Immediately after mosquito emergence, an exposure to diverse environmental/chemical cues facilitate the maturation and learning of the olfactory machinery components (sensory appendages, maxillary palps and proboscis) to govern common innate behavioral activities such as nectar sugar feeding and mating in both the sexes (Takken and Verhulst, 2013; Lutz et al., 2017). However, it is yet not clear whether the mating events have any direct impact on the initiation of host seeking and blood feeding behavioral responses. Our recent finding suggested that quick-to-court protein may have a crucial role to meet the conflicting demand of sexual mate partner finding and/or a suitable vertebrate host finding by regulating the expression of unknown olfactory genes in adult An. culicifacies mosquito (De et al., 2017). In fact, the organization of the olfactory components is morphologically similar in both the sexes but carries unique structural differences which are responsible for discrete temporal peaks of activities to sense swarm and identify sex partner for a successful mating event (Pitts et al., 2011). However, in case of adult female mosquitoes, we opined that the evolutionary forces might have driven an extra specialization of the olfactory components such as proboscis, enabling rapid host seeking and blood feeding behavioral adaptation. In other words, we termed this highly sex-specific extra specialization as an “evolutionary speciality” which not only evolve adult female mosquitoes as a fast blood feeder but make them a potent vector for many disease pathogens. Once, a mosquito takes first blood meal it needs to manage major physiological activities linked to blood meal digestion and egg maturation. These physiological changes possibly may have another level of impact on olfactory perception to guide oviposition site finding behavior. We further hypothesize that first blood meal exposure must have a priming effect on the olfactory responses expediting the consecutive host seeking and blood feeding behavioral activities more rapidly than previous one.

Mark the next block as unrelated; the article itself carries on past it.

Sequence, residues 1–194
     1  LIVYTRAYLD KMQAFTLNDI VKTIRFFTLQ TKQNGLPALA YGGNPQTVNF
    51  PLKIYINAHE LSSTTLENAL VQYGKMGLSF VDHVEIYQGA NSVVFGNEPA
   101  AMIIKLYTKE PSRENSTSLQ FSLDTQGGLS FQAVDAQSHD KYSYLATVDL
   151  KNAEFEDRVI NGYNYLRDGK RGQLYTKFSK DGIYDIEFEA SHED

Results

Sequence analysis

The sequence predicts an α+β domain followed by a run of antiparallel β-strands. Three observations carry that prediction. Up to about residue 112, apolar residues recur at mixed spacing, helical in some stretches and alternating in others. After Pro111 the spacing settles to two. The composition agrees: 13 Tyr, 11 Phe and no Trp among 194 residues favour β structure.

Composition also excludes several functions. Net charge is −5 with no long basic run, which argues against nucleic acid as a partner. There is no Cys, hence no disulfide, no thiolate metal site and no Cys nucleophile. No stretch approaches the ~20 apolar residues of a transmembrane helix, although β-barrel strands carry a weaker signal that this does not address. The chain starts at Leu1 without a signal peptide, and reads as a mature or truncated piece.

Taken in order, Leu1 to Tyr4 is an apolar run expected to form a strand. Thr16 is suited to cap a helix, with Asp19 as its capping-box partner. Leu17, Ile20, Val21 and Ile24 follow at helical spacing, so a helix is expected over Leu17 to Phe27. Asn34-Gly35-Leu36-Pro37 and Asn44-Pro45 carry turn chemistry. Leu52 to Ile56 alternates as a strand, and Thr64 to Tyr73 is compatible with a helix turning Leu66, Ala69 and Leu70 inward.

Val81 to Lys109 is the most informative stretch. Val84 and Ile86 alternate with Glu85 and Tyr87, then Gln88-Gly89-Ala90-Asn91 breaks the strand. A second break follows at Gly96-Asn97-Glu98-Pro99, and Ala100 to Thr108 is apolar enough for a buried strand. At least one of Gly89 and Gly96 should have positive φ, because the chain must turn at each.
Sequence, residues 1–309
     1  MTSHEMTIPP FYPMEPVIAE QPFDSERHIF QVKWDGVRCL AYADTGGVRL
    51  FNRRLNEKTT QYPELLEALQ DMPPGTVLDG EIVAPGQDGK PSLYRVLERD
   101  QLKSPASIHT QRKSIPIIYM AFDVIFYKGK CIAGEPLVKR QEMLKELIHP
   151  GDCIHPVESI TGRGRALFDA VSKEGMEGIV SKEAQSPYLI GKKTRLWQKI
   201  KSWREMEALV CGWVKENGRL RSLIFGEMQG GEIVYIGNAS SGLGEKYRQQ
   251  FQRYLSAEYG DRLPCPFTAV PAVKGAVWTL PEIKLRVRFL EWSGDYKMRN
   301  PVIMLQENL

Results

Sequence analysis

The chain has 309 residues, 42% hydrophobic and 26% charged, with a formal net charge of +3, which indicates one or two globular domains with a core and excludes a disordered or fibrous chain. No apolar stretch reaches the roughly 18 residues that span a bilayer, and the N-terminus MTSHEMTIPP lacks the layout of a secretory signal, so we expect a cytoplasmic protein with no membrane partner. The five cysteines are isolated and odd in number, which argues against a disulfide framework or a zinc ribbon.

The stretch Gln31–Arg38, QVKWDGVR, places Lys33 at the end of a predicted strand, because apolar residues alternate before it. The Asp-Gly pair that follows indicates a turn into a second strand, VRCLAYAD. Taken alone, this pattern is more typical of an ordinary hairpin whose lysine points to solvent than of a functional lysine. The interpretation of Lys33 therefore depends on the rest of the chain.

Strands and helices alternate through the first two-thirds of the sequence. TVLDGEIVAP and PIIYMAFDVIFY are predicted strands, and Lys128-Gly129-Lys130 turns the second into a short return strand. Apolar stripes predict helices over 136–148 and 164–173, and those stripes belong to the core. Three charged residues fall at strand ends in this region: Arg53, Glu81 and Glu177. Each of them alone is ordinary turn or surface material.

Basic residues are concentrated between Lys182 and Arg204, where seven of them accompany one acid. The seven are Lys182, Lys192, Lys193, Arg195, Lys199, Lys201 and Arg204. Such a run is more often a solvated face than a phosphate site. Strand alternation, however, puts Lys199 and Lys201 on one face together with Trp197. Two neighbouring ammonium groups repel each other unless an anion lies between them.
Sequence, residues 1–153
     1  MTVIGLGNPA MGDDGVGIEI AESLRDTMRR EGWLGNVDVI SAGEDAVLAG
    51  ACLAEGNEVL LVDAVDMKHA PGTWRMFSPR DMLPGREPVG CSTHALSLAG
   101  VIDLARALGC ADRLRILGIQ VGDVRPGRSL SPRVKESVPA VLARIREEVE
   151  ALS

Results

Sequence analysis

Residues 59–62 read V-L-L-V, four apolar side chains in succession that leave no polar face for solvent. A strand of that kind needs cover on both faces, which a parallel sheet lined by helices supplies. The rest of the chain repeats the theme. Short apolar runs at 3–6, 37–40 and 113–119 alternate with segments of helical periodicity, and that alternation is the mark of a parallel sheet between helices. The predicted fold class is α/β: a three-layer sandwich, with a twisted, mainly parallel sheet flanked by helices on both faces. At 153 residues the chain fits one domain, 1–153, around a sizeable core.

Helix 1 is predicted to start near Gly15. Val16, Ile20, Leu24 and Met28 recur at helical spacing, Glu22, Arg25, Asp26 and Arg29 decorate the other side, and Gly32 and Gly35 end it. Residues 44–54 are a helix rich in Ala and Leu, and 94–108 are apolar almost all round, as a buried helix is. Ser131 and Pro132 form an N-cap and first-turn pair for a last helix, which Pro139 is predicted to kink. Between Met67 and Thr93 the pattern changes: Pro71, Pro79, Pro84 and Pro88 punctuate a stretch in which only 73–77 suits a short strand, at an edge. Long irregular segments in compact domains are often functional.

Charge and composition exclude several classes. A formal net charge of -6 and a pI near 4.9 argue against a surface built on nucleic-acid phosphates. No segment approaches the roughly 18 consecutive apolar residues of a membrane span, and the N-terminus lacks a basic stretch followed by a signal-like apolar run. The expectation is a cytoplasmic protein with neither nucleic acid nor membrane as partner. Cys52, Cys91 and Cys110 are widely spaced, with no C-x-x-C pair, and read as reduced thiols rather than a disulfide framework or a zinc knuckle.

To test and decode this evolutionary speciality, we performed RNA-Seq analysis of the complete olfactory system of adult female An. culicifacies mosquito, a dominant Indian malarial vector. A comprehensive molecular and functional annotation of RNA-Seq data unraveled a limited but remarkable change in the nature and regulation of unique sets of olfactory gene repertoire in response to distinct feeding status of the mosquitoes. Extensive transcriptional profiling of the selected transcripts showed biphasic and synergistic regulation under the distinct innate physiological status of the mosquitoes, possibly to facilitate and manage the complex host-seeking behavioral events. Finally, our structural bioinformatic analysis predicts the key residues of the selected sensory appendages proteins for future functional validation and characterization as a unique target to design disorientation strategy against the mosquito An. culicifacies, responsible for more than 65% malaria cases in India (Sharma and Dev, 2015).

Materials and Methods

Figure 1 represents a technical overview of the current investigation.

FIGURE 1
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Figure 1. A technical overview to decode the hard-wired genetic structure of the olfactory system of Anopheles culicifacies. We sequenced and analyzed three RNA samples extracted from the olfactory tissues of approximately 30 mosquitoes individually and pooled to form one single sample. With this strategy, we were able to quantify and validate the estimation of gene expression, expected with a minimum chance of aberrations as described earlier (Sharma et al., 2015b).